Burkhart v. Genworth Financial, Inc.
In this class action complaint brought under the Delaware Uniform Fraudulent Transfer Act (DUFTA) alleging that Genworth Life Insurance Company (GLIC) engaged in both actual and constructive fraudulent transfers the Court of Chancery granted in part and denied in part GLIC's motion to dismiss, holding that Plaintiffs' attempts to reverse some of GLIC's dividends were time barred. Plaintiffs, a class of insureds who held long-term care insurance policies and insurance agents who alleged that they were entitled to commission payments for selling such payments, alleged that on the brink of its failure, GLIC's owners engaged in an intentional plan to syphon off GLIC's assets. In their class action complaint Plaintiffs asked the Court of Chancery to restore to GLIC the value of the assets that were syphoned away from 2012 to 2014. In response, Defendants filed a motion to dismiss. The Court of Chancery granted the motion in part and denied it in part, holding (1) any challenge to the $395 million in dividends GLIC paid from 2012 to 2014 was untimely under 6 Del. C. 1309; and (2) Plaintiffs had standing to bring this lawsuit. View "Burkhart v. Genworth Financial, Inc." on Justia Law
Agents Mutual Insurance Co. v. Benham
On interlocutory appeal, the Supreme Court remanded this matter involving the circuit court's grant of Plaintiff's motion for class certification and denying, in part, Defendant's objections and motion for protective order, holding that the circuit court's order granting class certification failed to comply with the mandatory requirements contained in Ark. R. Civ. P. 23(b). The Supreme Court remanded the matter without addressing the merits of the class certification and, further, did not address Defendant's claim regarding the protective order. Specifically, the Court held (1) the circuit court's order did not comply with Rule 23(b)'s requirements to define the "class claims, issues or defenses"; and (2) because the order granting class certification failed to comply with Rule 23(b), the order was not a final, appealable order. The Court then remanded the matter with instructions to enter an order that complied with Rule 23. View "Agents Mutual Insurance Co. v. Benham" on Justia Law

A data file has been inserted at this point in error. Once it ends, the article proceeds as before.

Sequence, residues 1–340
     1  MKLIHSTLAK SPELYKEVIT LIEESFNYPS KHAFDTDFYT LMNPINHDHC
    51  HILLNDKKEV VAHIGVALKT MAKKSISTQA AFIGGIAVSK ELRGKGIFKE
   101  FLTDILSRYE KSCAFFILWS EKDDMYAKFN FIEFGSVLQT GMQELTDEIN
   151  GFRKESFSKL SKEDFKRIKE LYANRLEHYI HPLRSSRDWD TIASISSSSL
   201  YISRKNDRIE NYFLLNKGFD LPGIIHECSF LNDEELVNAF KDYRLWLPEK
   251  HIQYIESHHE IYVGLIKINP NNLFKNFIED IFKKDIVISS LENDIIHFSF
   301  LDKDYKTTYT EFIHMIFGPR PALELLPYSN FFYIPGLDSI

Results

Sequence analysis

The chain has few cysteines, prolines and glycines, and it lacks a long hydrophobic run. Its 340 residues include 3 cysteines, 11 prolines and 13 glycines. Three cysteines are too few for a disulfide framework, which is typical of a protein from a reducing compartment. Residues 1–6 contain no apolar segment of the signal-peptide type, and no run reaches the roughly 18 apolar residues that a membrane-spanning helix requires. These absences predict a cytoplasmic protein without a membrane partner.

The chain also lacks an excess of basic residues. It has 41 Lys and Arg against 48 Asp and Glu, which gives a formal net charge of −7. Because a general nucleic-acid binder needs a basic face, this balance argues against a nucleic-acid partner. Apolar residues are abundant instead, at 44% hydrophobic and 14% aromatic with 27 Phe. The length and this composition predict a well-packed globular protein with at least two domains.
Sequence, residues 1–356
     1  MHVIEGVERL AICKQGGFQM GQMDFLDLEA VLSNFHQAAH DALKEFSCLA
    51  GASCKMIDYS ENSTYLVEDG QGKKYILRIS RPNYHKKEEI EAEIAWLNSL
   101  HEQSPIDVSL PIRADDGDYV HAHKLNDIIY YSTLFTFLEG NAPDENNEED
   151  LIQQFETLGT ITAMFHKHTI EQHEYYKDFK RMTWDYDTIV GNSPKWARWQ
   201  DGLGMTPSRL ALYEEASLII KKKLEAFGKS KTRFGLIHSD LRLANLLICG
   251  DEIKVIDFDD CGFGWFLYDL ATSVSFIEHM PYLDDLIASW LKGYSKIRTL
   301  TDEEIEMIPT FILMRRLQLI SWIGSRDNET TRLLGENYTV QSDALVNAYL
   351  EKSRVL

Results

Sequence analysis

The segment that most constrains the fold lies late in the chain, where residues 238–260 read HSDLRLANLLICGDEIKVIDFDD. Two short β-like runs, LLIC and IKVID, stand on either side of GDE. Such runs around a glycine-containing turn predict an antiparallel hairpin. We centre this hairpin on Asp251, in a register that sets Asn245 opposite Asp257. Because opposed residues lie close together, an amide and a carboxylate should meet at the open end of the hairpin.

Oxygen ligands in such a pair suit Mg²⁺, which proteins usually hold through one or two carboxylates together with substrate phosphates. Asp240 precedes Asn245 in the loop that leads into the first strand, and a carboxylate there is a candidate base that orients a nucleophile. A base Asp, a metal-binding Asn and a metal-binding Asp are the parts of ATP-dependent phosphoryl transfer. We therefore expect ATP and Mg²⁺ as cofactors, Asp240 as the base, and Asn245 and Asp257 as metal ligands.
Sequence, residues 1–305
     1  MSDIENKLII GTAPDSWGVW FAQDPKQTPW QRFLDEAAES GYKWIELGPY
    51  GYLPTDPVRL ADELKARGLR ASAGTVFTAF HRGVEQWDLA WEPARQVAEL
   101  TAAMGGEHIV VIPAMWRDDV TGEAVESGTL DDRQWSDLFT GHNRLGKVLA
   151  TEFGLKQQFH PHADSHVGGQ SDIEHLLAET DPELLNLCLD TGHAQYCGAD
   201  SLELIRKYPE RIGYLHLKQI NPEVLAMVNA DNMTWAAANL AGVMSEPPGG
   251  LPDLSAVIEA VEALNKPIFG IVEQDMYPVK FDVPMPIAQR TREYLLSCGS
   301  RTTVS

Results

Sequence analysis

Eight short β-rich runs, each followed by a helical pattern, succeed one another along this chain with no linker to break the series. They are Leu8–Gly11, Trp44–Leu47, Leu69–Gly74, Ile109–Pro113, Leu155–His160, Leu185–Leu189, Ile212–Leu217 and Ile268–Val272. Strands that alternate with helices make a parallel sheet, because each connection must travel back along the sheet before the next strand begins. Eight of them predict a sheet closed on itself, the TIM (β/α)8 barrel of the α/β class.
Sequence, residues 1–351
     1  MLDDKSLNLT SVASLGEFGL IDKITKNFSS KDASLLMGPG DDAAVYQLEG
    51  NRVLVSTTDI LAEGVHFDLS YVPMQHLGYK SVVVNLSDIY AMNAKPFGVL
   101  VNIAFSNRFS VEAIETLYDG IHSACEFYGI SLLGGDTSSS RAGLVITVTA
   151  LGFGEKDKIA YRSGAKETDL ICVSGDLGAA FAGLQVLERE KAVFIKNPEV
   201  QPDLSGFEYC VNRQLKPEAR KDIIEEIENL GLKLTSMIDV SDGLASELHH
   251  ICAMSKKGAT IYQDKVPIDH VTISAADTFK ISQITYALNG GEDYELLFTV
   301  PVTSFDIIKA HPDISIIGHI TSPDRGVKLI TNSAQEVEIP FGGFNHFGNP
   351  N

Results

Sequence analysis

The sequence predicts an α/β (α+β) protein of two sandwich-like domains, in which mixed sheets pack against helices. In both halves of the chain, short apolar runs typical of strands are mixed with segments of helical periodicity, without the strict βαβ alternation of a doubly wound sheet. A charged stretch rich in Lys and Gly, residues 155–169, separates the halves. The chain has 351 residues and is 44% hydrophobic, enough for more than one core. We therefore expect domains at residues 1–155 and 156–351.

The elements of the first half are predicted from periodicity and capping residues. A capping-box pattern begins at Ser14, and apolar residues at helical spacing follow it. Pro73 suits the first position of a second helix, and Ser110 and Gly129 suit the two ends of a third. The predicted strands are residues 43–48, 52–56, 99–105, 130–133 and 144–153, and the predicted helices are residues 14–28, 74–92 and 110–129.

Crooks v. Dept. of Natural Res.
In 1962, the United States began constructing various structures in and around the Catahoula Basin pursuant to a congressionally-approved navigation project under the River and Harbor Act of 1960 to promote navigation on the Ouachita and Black Rivers. In conjunction with that project, the State of Louisiana signed an “Act of Assurances,” which obligated the State to provide the federal government with all lands and property interests necessary to the project free of charge, and to indemnify the federal government from any damages resulting from the project. In 2006, plaintiffs Steve Crooks and Era Lea Crooks filed a “Class Action Petition to Fix Boundary, For Damages and For Declaration [sic] Judgment.” The Crookses alleged they represented a class of landowners in the Catahoula Basin whose property was affected by increased water levels from the project. Ultimately, the trial court certified the plaintiffs as one class, but subdivided that class into two groups – the “Lake Plaintiffs” and the “Swamp Plaintiffs” – depending on the location of the properties affected. The Louisiana Supreme Court granted certiorari in this case to determine whether the plaintiffs’ inverse condemnation claims for compensation against the State were prescribed under La. R.S. 13:5111 and/or 28 U.S.C. 2501. The lower courts relied on the decision in Cooper v. Louisiana Department of Public Works, 870 So. 2d 315 (2004), to conclude the one-year prescriptive period for damage to immovable property found in La. C.C. art. 3493 governed, and the continuing tort doctrine applied to prevent the running of prescription on the plaintiffs’ claims. The Supreme Court found the lower courts erred in relying on Cooper and held that the three-year prescriptive period for actions for compensation for property taken by the state set forth in La. R. S. 13:5111 governed and the plaintiffs’ inverse condemnation claims were prescribed. View "Crooks v. Dept. of Natural Res." on Justia Law